Jackson Heights, New York, February 2, 2016 – The deBlasio Administration’s licensing initiative for the neighborhood domain names is currently accepting applications. So if you’re a neighborhood activist or budding media mogul, and want to activate Astoria.nyc, ConeyIsland.nyc, GreenwichVillage.nyc, Harlem.nyc or any of the 380 other reserved neighborhood domain names, submit your applications now. (Here’s the application.) Successful applicants will be notified on February 12.
While we’re extremely supportive of the initiative, there’s a clause in the draft Licensing Agreement that diminishes the likelihood of serious parties investing the necessary resources, a “without cause” clause in Section 3.b of the draft Agreement which states:
Either party may terminate this License Agreement without cause (effective immediately);
We wrote the mayor’s office about our concerns (this and a few others that we’ll post on soon) and were told they were reviewed “with the Law Department and while we are unable to amend the terms per your request, we have certainly noted your requests.” So seemingly, while it says “draft,” changes will come from the city without consultation with residents.
As we stated above, we love the “dotNeighborhoods” and see them providing a fantastic opportunity to improve engagement and provide a civic toolbox that will facilitate innovation and improve the quality of life. (See our Adding Internet Mojo To Neighborhoods pages.) Indeed, we gave serious thought to applying for the JacksonHeights.nyc domain, but the “without cause” clause forced us to hold off. How could we approach investors and garner the necessary resources without the city providing a serious commitment?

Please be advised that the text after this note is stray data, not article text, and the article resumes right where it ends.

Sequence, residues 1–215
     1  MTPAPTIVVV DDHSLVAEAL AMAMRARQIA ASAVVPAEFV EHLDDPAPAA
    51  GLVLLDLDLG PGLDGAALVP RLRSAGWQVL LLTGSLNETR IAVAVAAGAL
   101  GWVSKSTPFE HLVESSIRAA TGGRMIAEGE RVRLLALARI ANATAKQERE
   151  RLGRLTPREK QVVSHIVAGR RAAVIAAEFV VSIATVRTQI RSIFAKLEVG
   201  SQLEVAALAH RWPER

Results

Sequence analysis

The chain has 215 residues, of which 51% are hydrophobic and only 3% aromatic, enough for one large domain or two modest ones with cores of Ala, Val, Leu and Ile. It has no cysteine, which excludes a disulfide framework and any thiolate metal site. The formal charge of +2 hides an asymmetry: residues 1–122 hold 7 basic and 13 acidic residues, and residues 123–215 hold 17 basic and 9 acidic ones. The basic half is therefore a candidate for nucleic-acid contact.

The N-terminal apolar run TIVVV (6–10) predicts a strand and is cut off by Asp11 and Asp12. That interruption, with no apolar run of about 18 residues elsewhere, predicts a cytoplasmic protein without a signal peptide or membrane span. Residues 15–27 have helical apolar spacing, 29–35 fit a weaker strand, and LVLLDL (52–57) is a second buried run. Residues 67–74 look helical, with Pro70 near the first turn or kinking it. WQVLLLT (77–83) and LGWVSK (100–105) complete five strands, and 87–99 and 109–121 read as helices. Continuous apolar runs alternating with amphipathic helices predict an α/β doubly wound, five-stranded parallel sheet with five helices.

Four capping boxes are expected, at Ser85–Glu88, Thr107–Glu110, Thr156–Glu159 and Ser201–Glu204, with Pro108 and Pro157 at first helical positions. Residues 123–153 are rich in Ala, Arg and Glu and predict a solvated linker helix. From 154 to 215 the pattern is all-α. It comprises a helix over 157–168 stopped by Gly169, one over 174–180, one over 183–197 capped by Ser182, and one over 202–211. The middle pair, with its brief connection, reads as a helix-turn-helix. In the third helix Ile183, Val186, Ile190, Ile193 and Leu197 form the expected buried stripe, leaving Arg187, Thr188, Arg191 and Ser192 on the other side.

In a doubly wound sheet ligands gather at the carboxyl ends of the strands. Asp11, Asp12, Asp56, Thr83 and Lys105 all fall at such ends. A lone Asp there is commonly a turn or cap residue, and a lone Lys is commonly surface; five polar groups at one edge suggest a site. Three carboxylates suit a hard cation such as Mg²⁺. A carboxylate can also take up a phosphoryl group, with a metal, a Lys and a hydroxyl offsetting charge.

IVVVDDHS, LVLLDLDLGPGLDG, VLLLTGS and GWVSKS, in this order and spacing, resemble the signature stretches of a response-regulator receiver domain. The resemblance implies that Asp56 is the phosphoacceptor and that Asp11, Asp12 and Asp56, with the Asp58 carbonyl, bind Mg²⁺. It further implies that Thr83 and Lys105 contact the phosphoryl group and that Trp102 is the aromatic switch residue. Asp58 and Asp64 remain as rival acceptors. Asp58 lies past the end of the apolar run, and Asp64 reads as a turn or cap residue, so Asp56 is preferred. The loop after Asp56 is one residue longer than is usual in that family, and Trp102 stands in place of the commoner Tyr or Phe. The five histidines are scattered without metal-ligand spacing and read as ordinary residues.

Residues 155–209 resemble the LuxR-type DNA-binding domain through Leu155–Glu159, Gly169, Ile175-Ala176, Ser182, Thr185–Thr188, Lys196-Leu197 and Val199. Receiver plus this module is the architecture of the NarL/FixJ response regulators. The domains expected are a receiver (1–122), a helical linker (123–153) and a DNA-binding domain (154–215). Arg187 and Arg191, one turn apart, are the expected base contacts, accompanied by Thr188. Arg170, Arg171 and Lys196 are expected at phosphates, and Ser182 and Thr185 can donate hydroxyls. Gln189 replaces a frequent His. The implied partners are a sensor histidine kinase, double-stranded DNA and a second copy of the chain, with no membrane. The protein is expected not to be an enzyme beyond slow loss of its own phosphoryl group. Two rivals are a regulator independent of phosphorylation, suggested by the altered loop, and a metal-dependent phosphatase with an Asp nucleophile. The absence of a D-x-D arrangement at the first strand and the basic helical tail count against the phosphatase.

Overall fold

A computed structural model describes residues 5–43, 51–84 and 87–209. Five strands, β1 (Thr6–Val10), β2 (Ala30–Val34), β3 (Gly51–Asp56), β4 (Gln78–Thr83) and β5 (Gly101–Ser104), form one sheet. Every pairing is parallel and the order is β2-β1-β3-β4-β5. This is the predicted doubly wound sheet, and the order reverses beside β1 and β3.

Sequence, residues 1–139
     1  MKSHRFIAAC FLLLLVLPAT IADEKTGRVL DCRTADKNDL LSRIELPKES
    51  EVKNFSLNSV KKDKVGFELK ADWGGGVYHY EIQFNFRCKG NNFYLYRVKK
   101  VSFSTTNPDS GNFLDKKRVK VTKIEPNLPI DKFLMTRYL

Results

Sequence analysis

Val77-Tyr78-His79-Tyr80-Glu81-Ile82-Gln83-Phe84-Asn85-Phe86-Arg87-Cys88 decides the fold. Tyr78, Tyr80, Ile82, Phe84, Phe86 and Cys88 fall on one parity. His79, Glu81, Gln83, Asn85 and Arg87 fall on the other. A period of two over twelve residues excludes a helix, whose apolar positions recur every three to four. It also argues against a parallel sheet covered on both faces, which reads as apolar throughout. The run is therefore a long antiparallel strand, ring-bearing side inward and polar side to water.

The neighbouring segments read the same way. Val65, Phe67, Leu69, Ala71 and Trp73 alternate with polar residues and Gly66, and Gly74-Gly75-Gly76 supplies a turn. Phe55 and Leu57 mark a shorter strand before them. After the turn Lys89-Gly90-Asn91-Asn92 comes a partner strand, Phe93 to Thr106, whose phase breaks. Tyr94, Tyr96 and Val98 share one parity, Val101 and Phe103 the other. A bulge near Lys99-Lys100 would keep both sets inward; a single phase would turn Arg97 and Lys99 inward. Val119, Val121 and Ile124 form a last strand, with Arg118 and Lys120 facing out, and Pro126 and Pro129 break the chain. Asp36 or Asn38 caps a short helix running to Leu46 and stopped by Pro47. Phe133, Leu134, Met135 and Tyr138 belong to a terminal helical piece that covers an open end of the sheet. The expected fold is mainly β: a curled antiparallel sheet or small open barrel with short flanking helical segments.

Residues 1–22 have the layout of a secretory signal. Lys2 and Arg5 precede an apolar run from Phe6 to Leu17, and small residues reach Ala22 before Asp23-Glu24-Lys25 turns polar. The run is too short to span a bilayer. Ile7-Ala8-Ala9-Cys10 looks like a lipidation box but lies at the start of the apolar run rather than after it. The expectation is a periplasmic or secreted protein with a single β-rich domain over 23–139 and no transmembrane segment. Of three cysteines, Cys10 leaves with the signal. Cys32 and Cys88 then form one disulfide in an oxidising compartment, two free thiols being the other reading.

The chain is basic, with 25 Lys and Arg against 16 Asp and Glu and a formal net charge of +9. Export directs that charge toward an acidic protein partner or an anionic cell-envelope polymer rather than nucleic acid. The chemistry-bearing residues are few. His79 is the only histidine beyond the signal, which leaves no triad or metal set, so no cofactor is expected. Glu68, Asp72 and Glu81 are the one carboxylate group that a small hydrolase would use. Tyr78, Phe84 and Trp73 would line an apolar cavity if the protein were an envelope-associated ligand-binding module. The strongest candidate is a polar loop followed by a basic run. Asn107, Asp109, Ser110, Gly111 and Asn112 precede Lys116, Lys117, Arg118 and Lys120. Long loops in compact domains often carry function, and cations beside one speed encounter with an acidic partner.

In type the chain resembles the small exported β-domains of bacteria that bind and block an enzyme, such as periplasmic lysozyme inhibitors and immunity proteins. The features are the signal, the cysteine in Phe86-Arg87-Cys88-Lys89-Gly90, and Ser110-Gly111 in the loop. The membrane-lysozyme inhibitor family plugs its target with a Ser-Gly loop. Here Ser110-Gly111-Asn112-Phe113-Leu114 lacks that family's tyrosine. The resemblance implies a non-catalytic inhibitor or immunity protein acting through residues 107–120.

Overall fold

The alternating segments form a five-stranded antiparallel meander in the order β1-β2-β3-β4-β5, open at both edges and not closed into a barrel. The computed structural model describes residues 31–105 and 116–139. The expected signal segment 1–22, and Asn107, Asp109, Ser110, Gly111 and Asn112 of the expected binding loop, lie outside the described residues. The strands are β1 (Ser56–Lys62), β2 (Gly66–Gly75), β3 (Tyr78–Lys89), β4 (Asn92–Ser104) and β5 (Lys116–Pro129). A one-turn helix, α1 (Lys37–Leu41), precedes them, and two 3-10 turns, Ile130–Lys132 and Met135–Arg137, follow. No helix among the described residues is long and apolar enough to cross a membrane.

UPDATE, February 5, 2016
This past December we contacted several elected officials about the “Without Cause” clause and the hardship it would impose on an entity seeking to garner the resources to undertake the development of a dotNeighborhood in a serious manner. We heard back from one recently, who informed us that in checking with their office’s attorneys, they were told that this was a standard clause in all city contracts. We checked the city’s agreement with Neustar Inc., the holder of the contract to operate the .nyc TLD for the city, and found no such reference. (See the city’s contracts with Neustar here.) When told of our finding a representative from the city official said their office had received complaints from others about the situation and would be looking into it.
We don’t doubt that eager city lawyers try to impose a ‘Without Cause” clause whenever they can. And perhaps they sometimes get away with it. But if they are serious about adding the Internet’s capabilities to improving the economic and social quality of life in our city’s neighborhoods, this clause has got to be removed “Without Delay.”